Dardanus, tragédie en musique
Jean-Philippe Rameau's Dardanus is typical of his works for the operatic stage: it contains innovative music of great inspiration and dramatic sensitivity, and it caused a public controversy at the time of its premiere. Rameau, who was a respected theorist and writer as well as a composer, employed harmonic devices, orchestrations, and a range of emotional expression that some listeners found grotesque, especially those who favored the works of his predecessors, Jean-Baptiste Lully. Lully's works were more typical of the period than were those of Rameau, especially in their relatively understated orchestrations and use of secco (dry) recitative — done with only keyboard accompaniment. For those who valued tradition over innovation, Rameau's work — full of dramatic instrumentation and accompanied recitatives (performed with orchestra) — was simply too adventuresome and, although Rameau's more forward-looking style would eventually win out, the conflict between the supporters of Rameau and Lully makes for one of opera history's more colorful chapters.
Based on Greek mythology, the libretto, by Charles-Antoine Leclerc de La Bruère, tells the story of Jupiter's son, Dardanus, and his war with The king of Phrygia. Bruère's libretto represents opera seria at both its most grand and its most absurd: the numerous processions, dream scenes and intrigues brought out the best in Rameau's dramatic writing, but the plot was so laden with supernatural events and interventions that it became a caricature of itself. For this reason, Dardanus was a less-than-spectacular success at its premiere (Paris Opéra, November 1739), and underwent at least two extensive revisions, the first of which completely discarded the last three acts. Subsequent versions placed a greater emphasis on human relationships and simplified the plot — steps that were necessary for the sake of clarity and cohesion, but which also involved the removal of excellent music. Modern revivals of Dardanus have attempted to find an effective middle ground, keeping as much as possible of Rameau's colorful writing while trimming the plot into a coherent form — often with great success.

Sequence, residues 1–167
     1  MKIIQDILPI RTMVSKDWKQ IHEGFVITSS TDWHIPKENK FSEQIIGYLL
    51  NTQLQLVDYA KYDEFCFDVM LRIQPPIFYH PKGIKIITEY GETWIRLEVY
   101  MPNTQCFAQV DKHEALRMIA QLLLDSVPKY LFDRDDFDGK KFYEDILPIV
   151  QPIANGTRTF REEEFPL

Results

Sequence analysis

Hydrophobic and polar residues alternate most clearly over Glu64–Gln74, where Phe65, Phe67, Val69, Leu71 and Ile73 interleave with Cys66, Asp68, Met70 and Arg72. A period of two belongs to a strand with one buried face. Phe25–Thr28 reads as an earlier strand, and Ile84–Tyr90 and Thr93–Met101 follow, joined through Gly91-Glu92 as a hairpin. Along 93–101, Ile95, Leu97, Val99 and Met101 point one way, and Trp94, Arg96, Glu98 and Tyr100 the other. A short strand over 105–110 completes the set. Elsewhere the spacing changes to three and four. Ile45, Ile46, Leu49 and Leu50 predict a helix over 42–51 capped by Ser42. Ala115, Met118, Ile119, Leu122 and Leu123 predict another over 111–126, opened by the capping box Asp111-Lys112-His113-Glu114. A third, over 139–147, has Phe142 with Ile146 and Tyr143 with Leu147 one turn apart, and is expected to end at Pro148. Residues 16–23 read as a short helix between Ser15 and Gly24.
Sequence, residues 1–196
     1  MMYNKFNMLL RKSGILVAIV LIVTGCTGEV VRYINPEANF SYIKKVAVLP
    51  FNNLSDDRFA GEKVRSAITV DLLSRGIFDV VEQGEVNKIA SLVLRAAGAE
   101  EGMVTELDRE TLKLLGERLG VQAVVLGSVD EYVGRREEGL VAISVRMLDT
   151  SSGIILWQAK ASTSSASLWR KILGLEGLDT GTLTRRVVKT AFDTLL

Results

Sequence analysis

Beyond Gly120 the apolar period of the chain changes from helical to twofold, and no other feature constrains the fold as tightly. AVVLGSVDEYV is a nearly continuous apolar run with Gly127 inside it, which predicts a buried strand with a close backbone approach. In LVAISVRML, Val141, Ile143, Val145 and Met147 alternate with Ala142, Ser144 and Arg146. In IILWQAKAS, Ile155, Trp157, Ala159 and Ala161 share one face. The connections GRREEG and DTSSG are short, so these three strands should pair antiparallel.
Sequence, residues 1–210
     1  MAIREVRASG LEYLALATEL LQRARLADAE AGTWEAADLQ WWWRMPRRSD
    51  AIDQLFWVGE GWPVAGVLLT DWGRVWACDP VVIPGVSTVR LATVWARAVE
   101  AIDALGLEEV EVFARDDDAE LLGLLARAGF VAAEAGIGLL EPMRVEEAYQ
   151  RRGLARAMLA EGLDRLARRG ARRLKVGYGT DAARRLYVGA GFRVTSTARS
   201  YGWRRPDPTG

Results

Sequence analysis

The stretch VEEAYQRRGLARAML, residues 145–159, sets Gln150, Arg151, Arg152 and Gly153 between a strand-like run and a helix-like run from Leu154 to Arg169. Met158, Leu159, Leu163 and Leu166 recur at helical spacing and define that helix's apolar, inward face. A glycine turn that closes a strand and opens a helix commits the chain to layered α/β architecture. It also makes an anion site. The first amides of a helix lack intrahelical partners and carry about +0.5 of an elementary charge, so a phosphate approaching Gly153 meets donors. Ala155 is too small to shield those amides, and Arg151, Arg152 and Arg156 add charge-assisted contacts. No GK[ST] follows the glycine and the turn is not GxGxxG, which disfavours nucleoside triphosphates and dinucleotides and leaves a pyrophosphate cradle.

and performed by the English Baroque Soloists
Although the English Baroque Soloists was officially established as a chamber ensemble of period instruments in 1978, the group actually gave its first concert at the 1977 Innsbruck Festival of Early Music in a performance of Handel's Acis and Galatea. Founded by John Eliot Gardiner, the group regularly performs throughout England and Europe. It has given a number of concerts in two London halls, the Barbican and St. John's Smith Square. The English Baroque Soloists drew many of their original members from another group Gardiner had founded (in 1968), the Monteverdi Orchestra.
and conducted by John Eliot Gardiner
John Eliot Gardiner is one of the leading conductors in the active "authentic performances" movement in England, performing Baroque music but also extending his range into later repertoire. He first conducted at the age of 15, and after finishing school he studied at King's College, Cambridge. While still an undergraduate, he conducted the combined Oxford and Cambridge Singers on a 1964 tour of the Middle East and founded the Monteverdi Choir, which has consistently performed on his recordings since.